Logging

West Virginia Morning
West Virginia Public Broadcasting

On this West Virginia Morning, The Legislature Today host Andrea Lannom speaks with Barry Cook, director of the West Virginia Division of Forestry to talk about a controversial bill that would open many state parks to logging.

On The Legislature Today, we take a closer look at a bill that would allow logging in state parks – Senate Bill 270. It's an issue that's fired up lawmakers and citizens. We’ll hear from a director, a commissioner, a delegate, and a senator. Logging is currently permitted in state forests but not state parks.

Logs Logging
GeographBot / wikimedia commons

Gov. Jim Justice's administration has proposed opening West Virginia's state parks to logging.

Legislation introduced by the Senate's Republican and Democratic leaders at Justice's request would authorize the Division of Natural Resources to implement "a sound silvicultural management plan."

Jean Snedegar

Most of the state’s trees are harvested by small-scale logging operations, using chainsaws, but a growing number of logging companies use large, mechanized logging machines that can do much more, faster.

Jean Snedegar joined veteran logger Jerry Huffman on Knobley Mountain, in Grant County.

West Virginia Morning
West Virginia Public Broadcasting

On this West Virginia Morning, most trees harvested in West Virginia are collected by small-scale logging operations with chain saws. But a growing number of companies use large, mechanized logging machines. In the next part of our occasional series on the timber industry, Jean Snedegar joins veteran logger Jerry Huffman on a job on Knobley Mountain, in Grant County.

Also this morning, we hear from 38-year-old Dave Hathaway, a laid-off coal miner. His story is part of our Struggle to Stay series, where we follow six people as they wrestle with the decision, do I stay or do I go? Unlike many others Dave is determined to STAY in Appalachia.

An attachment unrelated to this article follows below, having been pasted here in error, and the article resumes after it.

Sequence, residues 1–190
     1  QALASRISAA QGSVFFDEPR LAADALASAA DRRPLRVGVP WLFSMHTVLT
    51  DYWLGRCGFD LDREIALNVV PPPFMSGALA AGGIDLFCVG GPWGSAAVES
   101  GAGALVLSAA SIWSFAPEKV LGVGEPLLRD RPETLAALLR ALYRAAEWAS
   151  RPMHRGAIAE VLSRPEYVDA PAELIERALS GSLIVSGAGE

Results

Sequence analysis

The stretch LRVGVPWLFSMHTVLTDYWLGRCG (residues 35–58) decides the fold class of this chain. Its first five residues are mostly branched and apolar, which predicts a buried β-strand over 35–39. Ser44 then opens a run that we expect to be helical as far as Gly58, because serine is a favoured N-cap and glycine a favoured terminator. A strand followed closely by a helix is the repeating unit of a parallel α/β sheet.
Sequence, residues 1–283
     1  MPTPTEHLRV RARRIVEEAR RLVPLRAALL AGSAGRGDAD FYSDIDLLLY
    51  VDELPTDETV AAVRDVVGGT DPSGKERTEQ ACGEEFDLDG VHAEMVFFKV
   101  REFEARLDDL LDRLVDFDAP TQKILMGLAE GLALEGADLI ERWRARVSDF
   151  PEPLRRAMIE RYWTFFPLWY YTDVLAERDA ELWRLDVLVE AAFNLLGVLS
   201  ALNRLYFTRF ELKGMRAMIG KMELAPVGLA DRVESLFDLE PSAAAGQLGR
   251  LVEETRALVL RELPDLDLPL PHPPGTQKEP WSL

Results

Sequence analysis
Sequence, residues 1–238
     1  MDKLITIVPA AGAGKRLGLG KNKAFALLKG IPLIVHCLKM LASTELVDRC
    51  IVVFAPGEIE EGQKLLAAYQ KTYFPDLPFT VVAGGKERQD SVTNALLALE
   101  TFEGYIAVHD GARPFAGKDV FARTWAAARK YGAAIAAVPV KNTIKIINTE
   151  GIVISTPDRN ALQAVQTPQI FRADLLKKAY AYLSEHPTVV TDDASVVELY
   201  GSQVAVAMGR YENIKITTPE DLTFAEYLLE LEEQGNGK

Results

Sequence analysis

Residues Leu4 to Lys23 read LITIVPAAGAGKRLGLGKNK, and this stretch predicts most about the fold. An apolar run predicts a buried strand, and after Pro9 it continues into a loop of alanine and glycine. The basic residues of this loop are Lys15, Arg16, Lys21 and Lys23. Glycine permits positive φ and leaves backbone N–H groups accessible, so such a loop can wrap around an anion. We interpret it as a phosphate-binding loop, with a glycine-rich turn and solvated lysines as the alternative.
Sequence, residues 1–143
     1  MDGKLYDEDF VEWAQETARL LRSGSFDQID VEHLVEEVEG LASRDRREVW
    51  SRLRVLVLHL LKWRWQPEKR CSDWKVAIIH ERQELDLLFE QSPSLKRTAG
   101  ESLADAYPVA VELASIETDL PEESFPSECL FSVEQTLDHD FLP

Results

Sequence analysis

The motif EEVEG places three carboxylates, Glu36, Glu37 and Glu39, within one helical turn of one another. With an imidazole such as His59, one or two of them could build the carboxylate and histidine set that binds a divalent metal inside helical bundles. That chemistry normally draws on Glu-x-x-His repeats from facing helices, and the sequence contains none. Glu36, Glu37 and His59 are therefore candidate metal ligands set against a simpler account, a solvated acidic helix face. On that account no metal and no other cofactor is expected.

The Allegheny Front’s Reid Frazier went to visit him at his home in Greene County, Pennsylvania, just after his new baby was born to hear how his job search is going.

Jean Snedegar

Halfway between Mill Creek and Helvetia, West Virginia, four miles or so off the main road, Scotty Cook, the owner of a small-scale logging operation in Elkins, trudges along a muddy, deep gullied logging road. 

Cook has been working in the industry for about 20 years and got started because of his family.

"My dad and them, they [were] in it all their lives," he said. "Tradition I suppose."

West Virginia Morning
West Virginia Public Broadcasting

On this West Virginia Morning, most of the state’s trees are harvested by small-scale logging operations, like the one owned by Scotty Cook in Elkins.  

Producer Jean Snedegar joins Cook on his latest job in a remote area of southern Randolph County.  

Occupational Safety & Health Administration, OSHA
Occupational Safety & Health Administration

 

  Federal regulators have cited a logging company for 22 serious worker safety violations.

The U.S. Occupational Safety and Health Administration says Ray Clearing Inc. of Bickmore also was issued one other-than-serious citations. The citations stem from an inspection by OSHA's Charleston Area Office at a site in Cabin Creek on Aug. 4.